Cars were mangled and some were burned despite the blowing snow. Other vehicles were crushed between jack-knifed semi-tractors, so entwined that it was difficult to tell them apart.
People were screaming, but emergency responders couldn't see many of them as they quickly tended the victims amid frigid conditions.
Within seconds, traffic along snow-covered Interstate 94 in northern Indiana, USA, had become a 1.6km-long pile of debris after whiteout conditions swept in during Thursday's evening commute (local time). Three people were killed and nearly two dozen were injured.
"It was such a devastating scene, you don't know where to start," said Coolspring Township Fire Chief Mick Pawlik, whose volunteer crew was among the first on the scene about 60 miles south of Chicago.
"There were people in cars that you couldn't even see," Pawlik said during a news conference on Friday. "But when people are stuck in their cars, they look at you like we're Moses. 'Part the water. Save us.'"
Rescue crews quickly set about prioritising the victims. Who needed help first? And who was beyond help?
Firefighters worked quickly to keep the victims warm while they extricated them. Just as importantly, Pawlik tried to take their minds off what had happened - even though the dead weighed on his and other first responders' minds.
"Those are the worst," Pawlik said. "You sit there - they're the last ones to get out but you know they're there."
The chain-reaction collision near Michigan City was triggered by a sudden burst of heavy lake-effect snow that took drivers by surprise, said Indiana State Police Lieutenant Jerry Williams. Within about 45 seconds, dozens of vehicles - including numerous other trucks - were crashing into one another.
The accident killed Chicago resident Jerry Dalrymple, 65, and a Michigan couple: Thomas Wolma, 67, and his 65-year-old wife, Marilyn, of Grand Rapids. More than 20 people were injured, including one who remained in critical condition on Friday.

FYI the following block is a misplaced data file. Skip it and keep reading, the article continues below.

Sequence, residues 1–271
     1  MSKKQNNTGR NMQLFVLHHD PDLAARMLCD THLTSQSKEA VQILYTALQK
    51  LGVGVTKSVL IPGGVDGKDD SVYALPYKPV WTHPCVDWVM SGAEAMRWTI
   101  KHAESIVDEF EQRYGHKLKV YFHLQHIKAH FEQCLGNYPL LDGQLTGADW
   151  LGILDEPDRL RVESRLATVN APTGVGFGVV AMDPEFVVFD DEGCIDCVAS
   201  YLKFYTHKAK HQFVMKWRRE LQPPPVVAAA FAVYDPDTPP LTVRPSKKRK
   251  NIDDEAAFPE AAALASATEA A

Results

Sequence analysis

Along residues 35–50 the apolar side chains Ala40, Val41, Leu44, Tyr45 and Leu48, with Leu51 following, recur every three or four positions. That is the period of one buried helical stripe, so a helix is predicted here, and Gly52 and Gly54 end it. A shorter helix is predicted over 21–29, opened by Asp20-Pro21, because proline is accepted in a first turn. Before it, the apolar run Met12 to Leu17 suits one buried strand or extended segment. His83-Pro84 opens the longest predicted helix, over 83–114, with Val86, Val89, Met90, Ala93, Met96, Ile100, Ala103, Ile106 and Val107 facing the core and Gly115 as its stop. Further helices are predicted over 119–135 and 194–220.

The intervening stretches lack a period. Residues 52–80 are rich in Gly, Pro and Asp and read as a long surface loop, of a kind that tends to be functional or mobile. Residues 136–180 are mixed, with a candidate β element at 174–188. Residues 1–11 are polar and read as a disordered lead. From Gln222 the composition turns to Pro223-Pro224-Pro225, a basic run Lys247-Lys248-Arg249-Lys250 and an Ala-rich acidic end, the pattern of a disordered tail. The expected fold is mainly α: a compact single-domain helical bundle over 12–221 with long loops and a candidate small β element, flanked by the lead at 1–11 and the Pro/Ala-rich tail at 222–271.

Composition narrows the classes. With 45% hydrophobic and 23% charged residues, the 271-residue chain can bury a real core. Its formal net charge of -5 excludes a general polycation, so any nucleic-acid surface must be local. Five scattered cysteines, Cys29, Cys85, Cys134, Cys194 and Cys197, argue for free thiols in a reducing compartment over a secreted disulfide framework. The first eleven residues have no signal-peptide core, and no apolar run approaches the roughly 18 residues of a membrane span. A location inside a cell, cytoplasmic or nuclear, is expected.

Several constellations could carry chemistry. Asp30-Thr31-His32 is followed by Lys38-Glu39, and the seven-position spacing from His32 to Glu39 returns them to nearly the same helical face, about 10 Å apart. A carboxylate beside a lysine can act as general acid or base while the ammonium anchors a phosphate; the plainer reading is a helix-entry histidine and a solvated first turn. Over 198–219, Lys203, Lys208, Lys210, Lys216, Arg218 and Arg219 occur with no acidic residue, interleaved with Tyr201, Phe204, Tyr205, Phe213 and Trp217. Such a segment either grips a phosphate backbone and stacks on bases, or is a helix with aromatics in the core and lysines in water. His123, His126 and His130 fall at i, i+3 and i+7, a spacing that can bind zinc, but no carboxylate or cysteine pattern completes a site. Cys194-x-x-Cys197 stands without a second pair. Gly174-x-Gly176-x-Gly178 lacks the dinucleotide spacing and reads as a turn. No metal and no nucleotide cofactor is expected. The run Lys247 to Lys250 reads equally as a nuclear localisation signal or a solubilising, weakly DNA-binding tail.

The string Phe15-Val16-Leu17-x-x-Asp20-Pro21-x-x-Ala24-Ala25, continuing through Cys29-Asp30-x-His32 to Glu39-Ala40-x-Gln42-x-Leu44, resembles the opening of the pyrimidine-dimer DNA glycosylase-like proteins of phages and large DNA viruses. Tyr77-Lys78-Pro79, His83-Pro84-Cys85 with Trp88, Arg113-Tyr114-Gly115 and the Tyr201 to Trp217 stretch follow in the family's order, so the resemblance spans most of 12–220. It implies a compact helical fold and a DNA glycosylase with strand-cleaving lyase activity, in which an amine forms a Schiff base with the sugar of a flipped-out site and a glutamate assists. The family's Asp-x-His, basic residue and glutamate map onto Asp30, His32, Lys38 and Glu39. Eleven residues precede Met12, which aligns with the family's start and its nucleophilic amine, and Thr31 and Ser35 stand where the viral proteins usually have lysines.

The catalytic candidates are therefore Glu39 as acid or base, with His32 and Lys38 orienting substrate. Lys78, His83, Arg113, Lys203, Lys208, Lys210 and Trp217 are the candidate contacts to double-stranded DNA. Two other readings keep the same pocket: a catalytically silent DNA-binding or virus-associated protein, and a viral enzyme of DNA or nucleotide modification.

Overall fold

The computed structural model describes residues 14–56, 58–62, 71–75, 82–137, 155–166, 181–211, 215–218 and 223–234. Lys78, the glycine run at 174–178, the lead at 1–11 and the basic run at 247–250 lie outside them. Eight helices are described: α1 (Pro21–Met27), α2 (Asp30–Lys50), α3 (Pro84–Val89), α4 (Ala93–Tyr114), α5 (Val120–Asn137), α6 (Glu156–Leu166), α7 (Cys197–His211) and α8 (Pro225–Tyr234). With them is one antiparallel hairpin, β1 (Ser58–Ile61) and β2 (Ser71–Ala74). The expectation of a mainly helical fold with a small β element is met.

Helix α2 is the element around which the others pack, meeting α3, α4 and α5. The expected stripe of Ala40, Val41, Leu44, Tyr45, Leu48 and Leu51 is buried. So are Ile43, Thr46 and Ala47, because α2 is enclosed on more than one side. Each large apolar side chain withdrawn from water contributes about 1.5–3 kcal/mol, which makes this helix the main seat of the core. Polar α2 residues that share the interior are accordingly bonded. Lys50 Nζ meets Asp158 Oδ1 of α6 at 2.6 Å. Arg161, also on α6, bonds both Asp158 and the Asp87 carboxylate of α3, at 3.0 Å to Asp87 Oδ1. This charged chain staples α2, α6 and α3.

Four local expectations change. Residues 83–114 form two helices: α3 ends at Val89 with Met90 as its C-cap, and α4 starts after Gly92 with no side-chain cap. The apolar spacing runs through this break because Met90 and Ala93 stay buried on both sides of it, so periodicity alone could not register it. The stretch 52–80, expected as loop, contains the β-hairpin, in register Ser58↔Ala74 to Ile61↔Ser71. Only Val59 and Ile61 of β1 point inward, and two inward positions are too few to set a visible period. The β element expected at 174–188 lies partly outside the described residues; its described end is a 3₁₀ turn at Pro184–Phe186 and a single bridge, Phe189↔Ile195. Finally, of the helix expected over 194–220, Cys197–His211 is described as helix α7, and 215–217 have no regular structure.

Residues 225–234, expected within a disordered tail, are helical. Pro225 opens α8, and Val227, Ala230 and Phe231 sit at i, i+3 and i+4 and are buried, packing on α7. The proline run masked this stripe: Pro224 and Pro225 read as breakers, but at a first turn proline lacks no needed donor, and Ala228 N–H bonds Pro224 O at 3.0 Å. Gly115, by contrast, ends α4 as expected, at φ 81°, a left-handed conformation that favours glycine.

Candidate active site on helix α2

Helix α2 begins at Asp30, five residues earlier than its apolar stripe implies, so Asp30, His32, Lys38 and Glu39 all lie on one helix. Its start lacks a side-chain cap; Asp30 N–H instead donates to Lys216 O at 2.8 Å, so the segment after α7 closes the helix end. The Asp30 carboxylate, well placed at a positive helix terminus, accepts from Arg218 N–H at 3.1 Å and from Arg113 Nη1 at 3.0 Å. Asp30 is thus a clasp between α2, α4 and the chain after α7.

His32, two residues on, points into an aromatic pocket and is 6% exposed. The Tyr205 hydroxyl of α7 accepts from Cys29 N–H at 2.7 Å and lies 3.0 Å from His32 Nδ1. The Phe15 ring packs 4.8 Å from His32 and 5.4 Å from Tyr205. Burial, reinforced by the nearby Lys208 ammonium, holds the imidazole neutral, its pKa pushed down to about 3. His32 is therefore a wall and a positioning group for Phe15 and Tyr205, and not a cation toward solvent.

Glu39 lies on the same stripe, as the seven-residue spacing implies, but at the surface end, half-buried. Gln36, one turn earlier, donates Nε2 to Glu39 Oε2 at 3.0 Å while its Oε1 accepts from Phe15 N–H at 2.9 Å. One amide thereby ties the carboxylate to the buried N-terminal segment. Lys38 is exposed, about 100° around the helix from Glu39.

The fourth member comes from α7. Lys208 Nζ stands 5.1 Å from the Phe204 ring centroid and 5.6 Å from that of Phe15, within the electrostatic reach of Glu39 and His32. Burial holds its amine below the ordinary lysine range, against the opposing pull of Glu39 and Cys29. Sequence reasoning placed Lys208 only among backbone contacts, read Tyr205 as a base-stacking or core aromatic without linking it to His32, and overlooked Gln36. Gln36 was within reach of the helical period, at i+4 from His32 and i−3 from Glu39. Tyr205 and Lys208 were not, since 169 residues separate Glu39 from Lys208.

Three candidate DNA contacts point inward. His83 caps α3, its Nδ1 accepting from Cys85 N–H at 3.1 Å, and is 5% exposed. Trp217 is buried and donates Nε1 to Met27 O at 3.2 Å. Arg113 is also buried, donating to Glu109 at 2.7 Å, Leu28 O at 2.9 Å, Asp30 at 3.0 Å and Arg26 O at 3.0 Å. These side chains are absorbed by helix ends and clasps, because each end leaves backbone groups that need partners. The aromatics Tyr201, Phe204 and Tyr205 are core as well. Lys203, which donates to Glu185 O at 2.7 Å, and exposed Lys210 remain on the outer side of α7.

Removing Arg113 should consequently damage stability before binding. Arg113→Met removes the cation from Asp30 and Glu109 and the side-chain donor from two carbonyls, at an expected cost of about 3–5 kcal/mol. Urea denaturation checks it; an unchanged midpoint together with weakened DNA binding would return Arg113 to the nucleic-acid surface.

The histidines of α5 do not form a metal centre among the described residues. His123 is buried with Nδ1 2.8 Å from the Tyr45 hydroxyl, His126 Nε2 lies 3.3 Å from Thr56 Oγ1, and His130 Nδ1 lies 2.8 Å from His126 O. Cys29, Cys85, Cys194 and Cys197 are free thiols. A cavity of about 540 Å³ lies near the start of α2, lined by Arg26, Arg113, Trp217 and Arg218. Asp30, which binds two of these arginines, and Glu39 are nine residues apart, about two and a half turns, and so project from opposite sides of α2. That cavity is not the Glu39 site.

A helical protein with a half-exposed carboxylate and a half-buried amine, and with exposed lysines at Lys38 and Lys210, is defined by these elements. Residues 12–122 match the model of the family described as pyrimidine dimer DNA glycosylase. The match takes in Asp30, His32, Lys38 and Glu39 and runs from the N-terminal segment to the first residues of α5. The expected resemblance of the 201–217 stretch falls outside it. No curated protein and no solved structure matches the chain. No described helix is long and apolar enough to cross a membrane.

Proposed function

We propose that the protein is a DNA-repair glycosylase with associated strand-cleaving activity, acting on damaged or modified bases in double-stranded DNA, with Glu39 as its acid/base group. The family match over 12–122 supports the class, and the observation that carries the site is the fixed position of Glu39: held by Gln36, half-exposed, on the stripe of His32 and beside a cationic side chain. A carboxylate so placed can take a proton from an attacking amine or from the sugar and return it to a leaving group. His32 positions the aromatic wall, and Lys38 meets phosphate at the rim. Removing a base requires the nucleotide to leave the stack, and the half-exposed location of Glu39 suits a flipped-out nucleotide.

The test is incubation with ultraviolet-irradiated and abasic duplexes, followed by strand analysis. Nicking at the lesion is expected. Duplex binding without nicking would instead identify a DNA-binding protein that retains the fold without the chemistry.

Pawlik said the scene was: "Something that you'll never forget. It'll live with us forever." But he acknowledged that first responders were expecting worse.
"We're lucky that there wasn't 20 people dead and three people injured," he said.
Among the survivors was Jeffrey Rennell, who was driving home to Michigan from a business meeting in Chicago when his SUV suddenly started bouncing off other vehicles like a ping pong ball. Firefighters found it on top of another vehicle and "encased in semis", Pawlik said.
Rennell was trapped for more than three hours in the twisted remains of his Ford Explorer, according to his brother, Steve Rennell. He said his 48-year-old brother told him he wasn't able to move much while trapped in his SUV, but he didn't think his injury was serious.
"There were other people around that he knew weren't all right," Steve Rennell said.
Pawlik said Rennell's extrication was the worst of the five or six that crews did Thursday night.
He kept talking to Rennell throughout the process, even making the Michigan man laugh when he told him: "Jeff, it's after 5 o'clock, and when we get you out I'm going to take you out for a beer."
Instead, Rennell was airlifted to a Chicago hospital, where he was treated for a broken leg and released. He was headed back to Michigan on Friday to be reunited with his wife and two children, ages 5 and 3.
"It was a miracle out there," Pawlik said. "I never want to see it again."
Indiana State Police Sgt. Ann Wojas said the investigation into the crash could take months.
But officials defended the actions of highway crews and praised the efforts of first responders, who spent hours tending to the injured along a frigid mile-long stretch of road.
Indiana Department of Transportation spokesman Matt Deitchley said crews had been out salting and ploughing the area about 20 minutes before the crash. The roads were slick, but conditions didn't warrant closing the road, he said.